Song called on account of jaw-dropping Presidential statement.

I am officially gobsmacked. POTUS:

“Whether We Like it or Not, We Remain a Dominant Military Superpower.”

Here’s the video, in case the site above doesn’t load:

I got nothing, sorry.

[UPDATE]: No, wait, I do have something. Dude. READ THIS STUFF ALOUD FIRST BEFORE YOU GO IN FRONT OF A CAMERA. Find somebody on staff who doesn’t love you and read it in front of him or her. Watch to see where the winces are.

POTUS: Getting bored?


(H/T: @BillSTL) Nice to know that I’m not the only one who noticed this:

This is about the time Barack Obama becomes bored with his job.

He’s in his second year as president, and he’s discovered that even with all the powers of office, he can’t do everything he wants to do, like remake America. Doing stuff is hard. In the past, prosaic work has held little appeal for Obama, and it’s prompted him to think about moving on.

Quick timeline to illustrate his problem (and it is one, for him):

  • 1996: Elected Illinois state senator
  • 2000: Ran for US House of Representatives (defeated in primary)
  • 2002: Began running for US Senate
  • 2004: Elected US Senator
  • 2006: Began running for President
  • 2008: Elected President

Twelve years from state legislator to President may indeed be ‘meteoric;’ it is also ‘impatient,’ which is an assessment that the President himself might sign off on. More from York’s article:

At a Jan. 17 Martin Luther King Day event at Washington’s Vermont Avenue Baptist Church, Obama brought up the fact that many people see him as almost preternaturally calm. “I have a confession to make,” Obama said. “There are times I’m not so calm … when progress seems too slow … when it feels like all these efforts are for naught, and change is so painfully slow in coming, and I have to confront my own doubts.”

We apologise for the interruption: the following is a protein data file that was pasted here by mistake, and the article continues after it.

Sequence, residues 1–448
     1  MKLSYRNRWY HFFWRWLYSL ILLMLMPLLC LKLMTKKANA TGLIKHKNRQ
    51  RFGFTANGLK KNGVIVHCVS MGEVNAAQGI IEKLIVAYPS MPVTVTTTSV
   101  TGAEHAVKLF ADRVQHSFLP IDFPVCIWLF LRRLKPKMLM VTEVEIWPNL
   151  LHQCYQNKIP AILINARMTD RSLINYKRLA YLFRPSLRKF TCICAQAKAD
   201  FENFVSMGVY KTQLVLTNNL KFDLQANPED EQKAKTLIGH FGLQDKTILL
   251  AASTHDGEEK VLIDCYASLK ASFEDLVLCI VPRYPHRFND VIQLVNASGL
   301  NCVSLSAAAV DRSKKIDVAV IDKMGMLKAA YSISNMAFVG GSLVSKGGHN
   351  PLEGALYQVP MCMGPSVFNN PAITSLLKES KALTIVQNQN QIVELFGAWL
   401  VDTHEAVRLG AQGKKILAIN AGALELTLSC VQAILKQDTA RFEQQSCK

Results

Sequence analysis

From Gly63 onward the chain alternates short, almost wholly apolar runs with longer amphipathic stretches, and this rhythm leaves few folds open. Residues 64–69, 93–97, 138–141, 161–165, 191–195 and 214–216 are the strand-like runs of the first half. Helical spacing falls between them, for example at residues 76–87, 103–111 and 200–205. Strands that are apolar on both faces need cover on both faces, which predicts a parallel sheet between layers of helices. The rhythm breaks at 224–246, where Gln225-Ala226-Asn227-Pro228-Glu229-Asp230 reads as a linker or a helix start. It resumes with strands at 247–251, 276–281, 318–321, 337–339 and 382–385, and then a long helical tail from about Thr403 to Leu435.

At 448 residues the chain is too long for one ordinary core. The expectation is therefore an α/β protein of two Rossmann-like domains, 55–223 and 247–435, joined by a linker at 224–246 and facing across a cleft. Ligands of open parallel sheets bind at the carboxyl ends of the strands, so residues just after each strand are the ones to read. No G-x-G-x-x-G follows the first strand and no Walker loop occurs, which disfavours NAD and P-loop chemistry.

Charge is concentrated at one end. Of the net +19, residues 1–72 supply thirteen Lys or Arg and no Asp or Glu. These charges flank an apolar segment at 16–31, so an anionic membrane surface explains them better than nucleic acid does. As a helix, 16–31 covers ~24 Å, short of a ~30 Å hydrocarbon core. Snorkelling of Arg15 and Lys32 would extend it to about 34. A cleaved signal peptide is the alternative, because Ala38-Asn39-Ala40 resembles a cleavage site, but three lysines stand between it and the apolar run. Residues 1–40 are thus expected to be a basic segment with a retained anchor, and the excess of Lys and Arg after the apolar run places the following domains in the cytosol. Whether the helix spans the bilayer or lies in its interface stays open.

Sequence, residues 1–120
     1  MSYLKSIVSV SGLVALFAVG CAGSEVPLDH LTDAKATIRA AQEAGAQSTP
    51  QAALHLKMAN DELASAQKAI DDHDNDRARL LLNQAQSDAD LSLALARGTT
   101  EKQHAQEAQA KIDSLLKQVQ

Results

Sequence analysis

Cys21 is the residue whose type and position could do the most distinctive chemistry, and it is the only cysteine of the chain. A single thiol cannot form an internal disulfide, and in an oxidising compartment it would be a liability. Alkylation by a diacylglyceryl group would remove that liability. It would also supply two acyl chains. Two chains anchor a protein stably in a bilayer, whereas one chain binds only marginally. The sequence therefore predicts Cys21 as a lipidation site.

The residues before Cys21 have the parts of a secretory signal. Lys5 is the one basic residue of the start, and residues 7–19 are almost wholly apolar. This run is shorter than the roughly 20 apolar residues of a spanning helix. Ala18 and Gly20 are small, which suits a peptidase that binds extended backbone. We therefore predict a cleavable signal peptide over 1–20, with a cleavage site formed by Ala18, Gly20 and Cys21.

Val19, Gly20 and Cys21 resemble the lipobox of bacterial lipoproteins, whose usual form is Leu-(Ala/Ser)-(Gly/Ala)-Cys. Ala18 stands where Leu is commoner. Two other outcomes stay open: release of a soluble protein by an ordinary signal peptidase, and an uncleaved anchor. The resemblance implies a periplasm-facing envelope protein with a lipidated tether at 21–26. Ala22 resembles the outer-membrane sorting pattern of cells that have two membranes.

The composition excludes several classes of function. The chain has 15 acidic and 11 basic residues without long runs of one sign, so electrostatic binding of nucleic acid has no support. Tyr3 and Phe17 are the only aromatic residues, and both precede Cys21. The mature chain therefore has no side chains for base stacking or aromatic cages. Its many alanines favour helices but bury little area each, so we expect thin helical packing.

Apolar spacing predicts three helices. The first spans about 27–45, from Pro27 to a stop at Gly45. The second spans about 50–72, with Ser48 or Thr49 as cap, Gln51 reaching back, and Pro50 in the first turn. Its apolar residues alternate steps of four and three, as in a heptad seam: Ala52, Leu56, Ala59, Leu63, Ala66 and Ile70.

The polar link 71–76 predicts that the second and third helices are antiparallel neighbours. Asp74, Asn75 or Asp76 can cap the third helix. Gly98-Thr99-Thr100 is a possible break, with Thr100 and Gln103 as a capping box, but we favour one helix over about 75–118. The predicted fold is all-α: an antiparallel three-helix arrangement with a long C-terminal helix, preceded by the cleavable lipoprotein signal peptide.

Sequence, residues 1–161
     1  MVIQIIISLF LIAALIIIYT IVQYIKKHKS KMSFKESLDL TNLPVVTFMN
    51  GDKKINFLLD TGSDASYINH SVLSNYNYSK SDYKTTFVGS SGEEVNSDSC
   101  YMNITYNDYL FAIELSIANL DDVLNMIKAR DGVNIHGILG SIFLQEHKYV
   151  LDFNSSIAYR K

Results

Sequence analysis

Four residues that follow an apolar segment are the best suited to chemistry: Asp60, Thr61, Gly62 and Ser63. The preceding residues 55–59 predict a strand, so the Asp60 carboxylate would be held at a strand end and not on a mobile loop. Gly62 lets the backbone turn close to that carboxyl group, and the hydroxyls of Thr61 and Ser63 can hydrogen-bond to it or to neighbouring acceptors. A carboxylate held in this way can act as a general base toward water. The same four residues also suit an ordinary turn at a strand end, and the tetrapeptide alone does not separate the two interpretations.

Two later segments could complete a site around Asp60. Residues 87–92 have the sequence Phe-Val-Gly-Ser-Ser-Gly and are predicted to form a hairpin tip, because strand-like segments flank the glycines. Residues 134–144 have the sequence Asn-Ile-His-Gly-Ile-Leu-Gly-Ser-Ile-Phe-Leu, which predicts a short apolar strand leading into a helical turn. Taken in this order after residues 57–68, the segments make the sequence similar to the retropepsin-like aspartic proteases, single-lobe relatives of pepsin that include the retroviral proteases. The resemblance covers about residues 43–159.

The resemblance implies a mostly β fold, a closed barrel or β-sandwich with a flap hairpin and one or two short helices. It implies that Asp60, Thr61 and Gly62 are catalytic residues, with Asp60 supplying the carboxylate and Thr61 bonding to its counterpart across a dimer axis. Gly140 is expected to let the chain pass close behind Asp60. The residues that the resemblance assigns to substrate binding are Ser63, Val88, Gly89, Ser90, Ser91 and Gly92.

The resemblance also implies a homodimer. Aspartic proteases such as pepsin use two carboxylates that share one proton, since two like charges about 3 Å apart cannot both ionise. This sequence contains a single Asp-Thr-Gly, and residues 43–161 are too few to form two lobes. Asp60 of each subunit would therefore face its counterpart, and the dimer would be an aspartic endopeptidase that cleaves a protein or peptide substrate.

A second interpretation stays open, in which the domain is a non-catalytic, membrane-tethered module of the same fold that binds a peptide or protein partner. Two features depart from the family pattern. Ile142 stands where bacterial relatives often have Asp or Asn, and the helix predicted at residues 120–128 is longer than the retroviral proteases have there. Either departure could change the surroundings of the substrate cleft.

Obama said it to be inspirational, but the fact is, in the past, that’s when he looked for a new job.

The good news is that the President’s interest in his job might rekindle if he’s given more of a challenge (if only for the novelty value). Having to face a Republican House and Senate next year would give him all the mental stimulation and focus that a person could want; and far be it from the GOP to deny the President what he truly, truly needs.

Because we’re givers that way.

Moe Lane

Crossposted to RedState.

President snubs Norway for no discernable reason.

Ah, this glorious new world where we’re no longer casually offending other nations with our actions. From noted British right-wing rag The Guardian: